“O speak to me no more! / These words like daggers enter my ears.” * Gertrude, to Hamlet, in her chambers with Hamlet just before he kills Polonius.* The first sign of anguish or guilt that she has shown during the play
“This is the very coinage of your brain,/ This bodiless creation ecstasy is very cunning in.” * Gertrude, to Hamlet, about the Ghost (which Hamlet sees and she doesn’t).* Telling him that he’s crazy, hallucinating the ghost* Reveals that by this point, Hamlet’s craziness is no longer just an act but starting to become real, if he’s hallucinating
“Let it work; / for ’tis the sport to have the engineer/ Hoist with his own petar.” * Hamlet, to Gertrude, just after killing Polonius* Discussing his intent to catch R&G in their plan, have it blow up in their faces (petar = bomb)* Another marker of his true craziness: violence and murderessness, lack of caring about R&G
“But like the owner of a foul disease,/ To keep it from divulging, let if feed/ Even on the pith of life.” * Claudius, about Hamlet, lamenting that he’s let him get this far* Continues the disease metaphor–perhaps shows that any affection Claudius ever showed for Hamlet was fake, if he now dismisses him as a disgusting disease
“For like a hectic in my blood he rages,/ And thou must cure me.” * Claudius, about Hamlet, begging England to kill the “disease” that is Hamlet* Same significance as above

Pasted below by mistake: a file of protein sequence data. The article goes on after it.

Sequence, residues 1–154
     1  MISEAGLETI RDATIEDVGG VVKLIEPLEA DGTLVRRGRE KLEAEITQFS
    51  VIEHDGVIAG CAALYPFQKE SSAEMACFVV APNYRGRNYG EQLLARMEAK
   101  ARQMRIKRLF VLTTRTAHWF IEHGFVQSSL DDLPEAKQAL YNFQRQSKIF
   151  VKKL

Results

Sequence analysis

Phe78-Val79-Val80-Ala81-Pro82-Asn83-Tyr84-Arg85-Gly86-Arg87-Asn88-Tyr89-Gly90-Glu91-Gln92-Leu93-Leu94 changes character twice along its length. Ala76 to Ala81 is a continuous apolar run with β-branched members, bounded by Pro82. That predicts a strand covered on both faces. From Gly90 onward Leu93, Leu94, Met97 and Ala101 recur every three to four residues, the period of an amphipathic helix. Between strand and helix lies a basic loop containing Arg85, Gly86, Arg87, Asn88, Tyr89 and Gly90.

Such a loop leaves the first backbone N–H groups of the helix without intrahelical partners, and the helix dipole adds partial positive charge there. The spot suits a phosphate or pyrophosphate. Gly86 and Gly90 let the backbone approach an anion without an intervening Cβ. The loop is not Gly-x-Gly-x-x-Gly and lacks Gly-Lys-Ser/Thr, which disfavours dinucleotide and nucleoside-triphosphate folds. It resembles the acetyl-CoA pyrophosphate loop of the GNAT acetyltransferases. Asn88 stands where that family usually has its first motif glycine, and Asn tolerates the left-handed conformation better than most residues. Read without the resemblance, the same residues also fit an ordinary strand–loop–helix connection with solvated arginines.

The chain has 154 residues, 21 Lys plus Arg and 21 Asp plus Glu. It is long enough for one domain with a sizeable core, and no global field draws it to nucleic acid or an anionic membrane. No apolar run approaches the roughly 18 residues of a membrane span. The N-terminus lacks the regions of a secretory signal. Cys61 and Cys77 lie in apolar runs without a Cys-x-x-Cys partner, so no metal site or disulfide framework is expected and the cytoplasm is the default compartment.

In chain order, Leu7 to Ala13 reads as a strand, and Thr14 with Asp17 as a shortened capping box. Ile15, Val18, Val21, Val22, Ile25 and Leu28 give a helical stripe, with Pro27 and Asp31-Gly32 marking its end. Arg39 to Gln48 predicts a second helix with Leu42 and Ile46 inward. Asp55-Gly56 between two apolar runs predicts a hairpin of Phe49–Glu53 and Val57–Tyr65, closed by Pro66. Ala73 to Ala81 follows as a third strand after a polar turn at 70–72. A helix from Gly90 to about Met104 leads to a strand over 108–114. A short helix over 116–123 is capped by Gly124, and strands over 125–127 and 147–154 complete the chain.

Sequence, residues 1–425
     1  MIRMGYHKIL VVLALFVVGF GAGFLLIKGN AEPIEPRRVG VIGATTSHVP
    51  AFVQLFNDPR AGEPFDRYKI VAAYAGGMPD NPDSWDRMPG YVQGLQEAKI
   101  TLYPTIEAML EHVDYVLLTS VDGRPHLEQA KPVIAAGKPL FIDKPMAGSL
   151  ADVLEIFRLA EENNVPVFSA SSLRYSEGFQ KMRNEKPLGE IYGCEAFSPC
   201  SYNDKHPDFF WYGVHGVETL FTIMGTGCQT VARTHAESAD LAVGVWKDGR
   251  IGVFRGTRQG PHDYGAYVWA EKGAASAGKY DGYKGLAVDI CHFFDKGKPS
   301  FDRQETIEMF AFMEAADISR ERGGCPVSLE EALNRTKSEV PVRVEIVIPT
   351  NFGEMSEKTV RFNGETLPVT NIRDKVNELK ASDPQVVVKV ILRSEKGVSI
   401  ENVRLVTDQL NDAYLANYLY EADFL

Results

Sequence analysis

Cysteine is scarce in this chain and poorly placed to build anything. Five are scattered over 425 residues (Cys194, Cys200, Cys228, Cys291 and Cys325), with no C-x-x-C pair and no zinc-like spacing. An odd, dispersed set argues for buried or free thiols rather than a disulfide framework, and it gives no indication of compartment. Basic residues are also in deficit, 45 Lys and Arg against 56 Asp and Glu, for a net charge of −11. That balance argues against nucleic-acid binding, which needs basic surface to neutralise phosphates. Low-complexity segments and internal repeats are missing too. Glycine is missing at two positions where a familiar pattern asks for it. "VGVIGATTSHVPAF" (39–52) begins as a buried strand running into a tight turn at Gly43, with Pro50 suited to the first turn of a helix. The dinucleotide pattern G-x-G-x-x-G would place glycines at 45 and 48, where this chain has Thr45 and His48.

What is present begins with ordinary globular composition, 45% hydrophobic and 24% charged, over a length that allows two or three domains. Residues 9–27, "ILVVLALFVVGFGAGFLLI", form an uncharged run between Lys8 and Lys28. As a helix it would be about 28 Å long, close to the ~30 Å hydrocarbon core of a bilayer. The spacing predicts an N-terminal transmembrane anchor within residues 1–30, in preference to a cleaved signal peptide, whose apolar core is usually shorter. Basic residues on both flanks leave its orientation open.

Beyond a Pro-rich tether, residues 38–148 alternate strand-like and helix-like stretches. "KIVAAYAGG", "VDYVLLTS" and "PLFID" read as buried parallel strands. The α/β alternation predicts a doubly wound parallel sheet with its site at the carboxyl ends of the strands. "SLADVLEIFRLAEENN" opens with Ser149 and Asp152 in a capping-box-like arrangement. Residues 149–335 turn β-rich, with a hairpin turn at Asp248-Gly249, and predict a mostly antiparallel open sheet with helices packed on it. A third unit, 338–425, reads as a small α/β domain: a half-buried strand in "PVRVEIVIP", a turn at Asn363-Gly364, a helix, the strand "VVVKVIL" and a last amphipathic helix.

“…poor Ophelia/ Divided from herself and her fair judgement,/ Without the which we are pictures of mere beasts.” * Claudius, after his first interaction with Ophelia-gone-crazy, commenting on how Hamlet’s temper has really screwed everything up* The comment on madness also applies to Hamlet, brings up the question of whether Hamlet is still “in there” somewhere or has completely lost it by this point
“To hell, allegiance! vows, to the blackest devil!/ Conscience and grace, to the profoundest pit! I dare damnation.” * Laertes, to Claudius, upon first coming back to the castle and hearing of his father’s death* Declares his intent to avenge his father–sets up the rest of the events in the play and everybody’s eventual death
“There’s a divinity that shapes our ends,/ Rough-hew them how we will.” * Hamlet, to Horatio, shortly after arriving back in Denmark after the pirate attack* Saying that it was God who guided him in his sleepless wandering to discover the orders for his execution, and to change them out* Exemplifies Hamlet’s change from skepticism (at the beginning) to belief in the supernatural, both the Ghost and this “divinity”
“Such a sight as this/ Becomes the field, but here shows much amiss.” * Fortinbras, in the last line of the play* Describing the sight of everybody dead* Fortinbras gets to have the last word–gives the audience a bit of what will presumably come to pass under Fortinbras’s rule of Denmark, instead of giving Horatio the last word (which would probably be more satisfying).